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THE BOTTOM LINE

RPA: creative freedom to accountants

ACCOUNTANTS spend days, weeks even, wrangling thousands of spreadsheets and manually reconciling data - even though new technology now enables the close to be completed more accurately, with less effort, and with significantly reduced risk of error.

One of these noteworthy technologies is robotic process automation (RPA), and it's one of the most impactful innovations to happen to the close since the invention of green-bar paper. RPA automates manual tasks, manages workflow, and standardises the close process across complex organisations and IT landscapes.

RPA applies the combination of intelligent workflows, business rules, triggered operations, and process scheduling to shift repetitive tasks from people to technology. It frees accountants from the drudgery of manual work, and also benefits the business overall by enabling a truly smart close.

According to the 2018 Deloitte Global RPA Survey, 53 per cent of its respondents have already embarked on the RPA journey and a further 19 per cent plan to adopt the technology in the next two years. If adoption continues at its current level, RPA will have achieved near-universal adoption within the next five years. In Asia-Pacific, the RPA market size is estimated to be US$2.9 billion by 2021 and is projected to grow 203 per cent by 2021.

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Organisations utilising RPA have:

  • Automated accounting and finance processes up to 80 per cent
  • Increased accounting productivity by 50 per cent
  • Improved shared service centre efficiency by as much as 75 per cent

Yet many still resist this technology, as evidenced by the pace at which Finance is adopting it: Slowly. Glacially.

Today, many traditional bookkeeping tasks are already being performed by AI. Accounts payable and receivable AI handles much of the work of initiating payments and matching purchase orders. Automated data entry and data categorisation help accountants analyse broad financial trends more quickly.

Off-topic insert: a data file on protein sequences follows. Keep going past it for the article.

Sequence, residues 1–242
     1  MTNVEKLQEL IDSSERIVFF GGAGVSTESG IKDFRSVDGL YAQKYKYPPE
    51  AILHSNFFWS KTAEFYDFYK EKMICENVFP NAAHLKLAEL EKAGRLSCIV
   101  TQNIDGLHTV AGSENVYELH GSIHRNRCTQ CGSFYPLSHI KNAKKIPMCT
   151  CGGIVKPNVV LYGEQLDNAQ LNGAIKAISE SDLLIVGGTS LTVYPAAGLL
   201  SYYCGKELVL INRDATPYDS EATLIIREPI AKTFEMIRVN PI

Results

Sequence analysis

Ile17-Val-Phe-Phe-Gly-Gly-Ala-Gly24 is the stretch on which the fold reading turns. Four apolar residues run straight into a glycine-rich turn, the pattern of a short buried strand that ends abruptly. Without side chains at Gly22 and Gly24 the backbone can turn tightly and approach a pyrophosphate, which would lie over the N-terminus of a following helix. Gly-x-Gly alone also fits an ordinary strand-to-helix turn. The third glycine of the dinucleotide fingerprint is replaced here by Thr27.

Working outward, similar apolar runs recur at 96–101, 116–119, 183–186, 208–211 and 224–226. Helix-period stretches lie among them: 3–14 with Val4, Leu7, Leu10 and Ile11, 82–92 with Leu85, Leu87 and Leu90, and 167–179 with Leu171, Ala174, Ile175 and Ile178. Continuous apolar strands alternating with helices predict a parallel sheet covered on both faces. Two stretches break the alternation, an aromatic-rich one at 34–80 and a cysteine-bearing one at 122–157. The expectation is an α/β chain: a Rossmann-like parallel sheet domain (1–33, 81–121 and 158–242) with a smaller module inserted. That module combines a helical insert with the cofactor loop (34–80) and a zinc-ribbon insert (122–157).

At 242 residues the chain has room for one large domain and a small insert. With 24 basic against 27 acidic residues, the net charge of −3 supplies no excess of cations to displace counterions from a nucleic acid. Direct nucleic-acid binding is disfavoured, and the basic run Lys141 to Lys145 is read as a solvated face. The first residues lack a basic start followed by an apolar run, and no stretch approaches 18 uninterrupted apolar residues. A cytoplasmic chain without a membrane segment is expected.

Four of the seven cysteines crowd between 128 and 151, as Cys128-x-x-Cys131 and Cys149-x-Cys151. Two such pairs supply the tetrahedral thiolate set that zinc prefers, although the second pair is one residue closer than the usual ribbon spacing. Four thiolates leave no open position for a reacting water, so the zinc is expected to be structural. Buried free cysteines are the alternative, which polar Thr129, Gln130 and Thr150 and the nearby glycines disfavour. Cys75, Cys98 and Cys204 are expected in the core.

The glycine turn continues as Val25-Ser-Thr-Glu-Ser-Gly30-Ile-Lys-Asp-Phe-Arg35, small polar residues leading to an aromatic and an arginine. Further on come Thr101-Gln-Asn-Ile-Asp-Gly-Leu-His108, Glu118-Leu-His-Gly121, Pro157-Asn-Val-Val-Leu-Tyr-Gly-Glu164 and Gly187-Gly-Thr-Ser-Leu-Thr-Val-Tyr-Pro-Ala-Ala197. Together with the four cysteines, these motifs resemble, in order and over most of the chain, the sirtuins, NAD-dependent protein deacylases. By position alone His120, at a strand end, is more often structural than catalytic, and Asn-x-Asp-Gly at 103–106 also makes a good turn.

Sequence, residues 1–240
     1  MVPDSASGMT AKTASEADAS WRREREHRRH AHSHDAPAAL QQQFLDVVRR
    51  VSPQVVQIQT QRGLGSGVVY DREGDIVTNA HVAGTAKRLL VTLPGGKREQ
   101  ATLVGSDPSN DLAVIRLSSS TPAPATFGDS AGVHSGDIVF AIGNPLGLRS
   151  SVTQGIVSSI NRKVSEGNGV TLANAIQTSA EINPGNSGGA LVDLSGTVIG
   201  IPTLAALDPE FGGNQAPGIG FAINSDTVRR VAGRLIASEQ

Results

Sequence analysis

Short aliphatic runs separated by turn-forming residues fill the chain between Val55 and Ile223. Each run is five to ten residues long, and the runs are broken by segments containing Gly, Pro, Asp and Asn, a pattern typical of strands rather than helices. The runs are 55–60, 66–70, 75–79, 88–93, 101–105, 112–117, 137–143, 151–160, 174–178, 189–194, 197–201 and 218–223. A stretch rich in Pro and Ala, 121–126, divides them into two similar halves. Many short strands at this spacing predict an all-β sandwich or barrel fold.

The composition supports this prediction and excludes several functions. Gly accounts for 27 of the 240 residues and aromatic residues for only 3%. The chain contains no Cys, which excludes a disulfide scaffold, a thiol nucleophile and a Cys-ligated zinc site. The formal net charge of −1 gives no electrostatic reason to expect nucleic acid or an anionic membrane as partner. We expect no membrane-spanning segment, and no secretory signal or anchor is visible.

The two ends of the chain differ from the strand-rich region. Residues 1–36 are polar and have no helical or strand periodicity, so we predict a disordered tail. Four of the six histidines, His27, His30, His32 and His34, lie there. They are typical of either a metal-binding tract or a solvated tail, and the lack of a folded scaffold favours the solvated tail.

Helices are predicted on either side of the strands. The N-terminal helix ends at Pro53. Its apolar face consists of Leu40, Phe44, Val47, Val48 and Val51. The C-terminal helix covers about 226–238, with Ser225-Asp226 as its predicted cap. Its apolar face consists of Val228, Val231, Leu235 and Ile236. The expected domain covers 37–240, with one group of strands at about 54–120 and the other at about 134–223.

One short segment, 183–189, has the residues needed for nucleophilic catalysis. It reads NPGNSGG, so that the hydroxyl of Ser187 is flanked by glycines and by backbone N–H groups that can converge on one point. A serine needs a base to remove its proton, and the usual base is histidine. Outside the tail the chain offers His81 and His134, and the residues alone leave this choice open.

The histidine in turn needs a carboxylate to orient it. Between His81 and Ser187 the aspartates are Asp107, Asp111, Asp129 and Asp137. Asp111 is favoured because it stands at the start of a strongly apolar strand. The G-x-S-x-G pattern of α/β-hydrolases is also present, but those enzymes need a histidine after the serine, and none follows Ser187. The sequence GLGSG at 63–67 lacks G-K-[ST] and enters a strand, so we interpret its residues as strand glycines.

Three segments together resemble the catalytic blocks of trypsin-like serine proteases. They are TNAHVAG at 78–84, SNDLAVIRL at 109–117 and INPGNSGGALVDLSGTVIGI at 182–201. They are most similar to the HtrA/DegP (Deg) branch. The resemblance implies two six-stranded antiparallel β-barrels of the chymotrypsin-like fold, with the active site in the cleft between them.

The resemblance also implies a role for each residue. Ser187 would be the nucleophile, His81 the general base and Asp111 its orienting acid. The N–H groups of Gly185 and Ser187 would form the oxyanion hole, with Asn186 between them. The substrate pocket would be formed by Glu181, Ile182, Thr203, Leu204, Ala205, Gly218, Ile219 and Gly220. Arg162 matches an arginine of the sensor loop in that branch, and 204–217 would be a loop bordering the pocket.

RPA has reduced audit and contractual processing times from several months to a few weeks. And furthermore, larger firms that are taking advantage of AI are outpacing smaller accounting offices through increased efficiency and higher level services.

With that in mind, the advent of RPA and other advanced automation technologies, rather than ushering in the robot rebellion, should actually enable accountants to finally do what they're meant to be doing: performing analysis, advising the business, and providing impactful financial data to shape their organisations' future. Accountants can focus on all of this while still closing the books faster and more accurately than ever before.

Financial automation software is able to build on an RPA foundation to streamline the financial close with specific conditional workflow and automatic scheduling - automating the repetitive tasks that are a poor use of highly skilled resources, so accountants can focus on value-adding activities.

By combining the latest in RPA and financial close intelligence, the whole process provides powerful efficiency gains and improves trust in the financial close. This enables accounting organisations to drive global standardisation while maintaining a degree of local flexibility.

Modern finance organisations are moving to process standardisation and financial automation to make the best use of talent and be more strategic. For instance, industry leaders such as Deloitte, Philips, Cargill, and Procter & Gamble have automated as much as 70 per cent of financial close tasks through self-service and standardised financial close automation.

Take it from Deloitte, who say that automation not only keeps their data accurate and safe, but also provides them with very clear processes. The leading professional services firm has also benefited from a clear, documented workflow that included RPA so they could avoid any delays or confusion. Organisations will gain the confidence of stronger internal controls and automated, audit-ready processes that improve productivity and standardisation.

Based on IDC Financial Insights last year, ANZ Bank, DBS Bank, OCBC Bank, UOB, ICICI Bank, ICICI Lombard and Prudential Life Assurance are among ten financial services institutions in Asia-Pacific that are having some early success in adopting RPA initiatives.

Take United Overseas Bank (UOB) as an example. In 2017, the bank introduced its two "virtual employees" - robots named Amy and Eve - to handle repetitive and time-consuming jobs such as data processing. IDC also estimates that RPA will be in use in 40 per cent of Asia-Pacific banks and insurance companies by 2020 - out of this percentage, 25 per cent will be deploying cognitive technologies for intelligent decision making.

Leading companies are embracing robots because they know that staying on top today requires working smarter and ensuring access to real-time data.

In today's frenetic, always-on business world, RPA is the key to both. RPA tools reduce risk, increase accuracy and improve visibility, all while freeing accountants from the mind-numbing drudgery of manual close activities. Accountants are then free to focus on what really matters to the health and wealth of the business: forecasting, analysis, and strategy.

  • The writer is Senior Vice-President, Asia Pacific & Japan, at BlackLine